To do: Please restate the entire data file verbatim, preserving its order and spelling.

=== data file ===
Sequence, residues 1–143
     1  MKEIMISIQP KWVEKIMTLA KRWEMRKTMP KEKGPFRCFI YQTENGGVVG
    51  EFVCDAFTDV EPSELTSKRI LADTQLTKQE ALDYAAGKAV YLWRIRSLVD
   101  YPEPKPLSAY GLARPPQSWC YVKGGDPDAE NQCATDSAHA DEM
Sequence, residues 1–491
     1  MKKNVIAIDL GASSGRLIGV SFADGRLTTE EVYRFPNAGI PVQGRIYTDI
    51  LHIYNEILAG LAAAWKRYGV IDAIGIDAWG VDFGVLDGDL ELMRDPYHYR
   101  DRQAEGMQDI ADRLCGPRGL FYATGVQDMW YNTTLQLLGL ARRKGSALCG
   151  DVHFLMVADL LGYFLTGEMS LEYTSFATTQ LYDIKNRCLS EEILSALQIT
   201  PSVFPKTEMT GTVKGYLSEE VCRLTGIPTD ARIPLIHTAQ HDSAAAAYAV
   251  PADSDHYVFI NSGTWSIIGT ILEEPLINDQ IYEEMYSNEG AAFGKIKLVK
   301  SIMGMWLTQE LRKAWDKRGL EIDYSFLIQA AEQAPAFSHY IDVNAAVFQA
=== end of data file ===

Sequence, residues 1–143
     1  MKEIMISIQP KWVEKIMTLA KRWEMRKTMP KEKGPFRCFI YQTENGGVVG
    51  EFVCDAFTDV EPSELTSKRI LADTQLTKQE ALDYAAGKAV YLWRIRSLVD
   101  YPEPKPLSAY GLARPPQSWC YVKGGDPDAE NQCATDSAHA DEM
Sequence, residues 1–491
     1  MKKNVIAIDL GASSGRLIGV SFADGRLTTE EVYRFPNAGI PVQGRIYTDI
    51  LHIYNEILAG LAAAWKRYGV IDAIGIDAWG VDFGVLDGDL ELMRDPYHYR
   101  DRQAEGMQDI ADRLCGPRGL FYATGVQDMW YNTTLQLLGL ARRKGSALCG
   151  DVHFLMVADL LGYFLTGEMS LEYTSFATTQ LYDIKNRCLS EEILSALQIT
   201  PSVFPKTEMT GTVKGYLSEE VCRLTGIPTD ARIPLIHTAQ HDSAAAAYAV
   251  PADSDHYVFI NSGTWSIIGT ILEEPLINDQ IYEEMYSNEG AAFGKIKLVK
   301  SIMGMWLTQE LRKAWDKRGL EIDYSFLIQA AEQAPAFSHY IDVNAAVFQA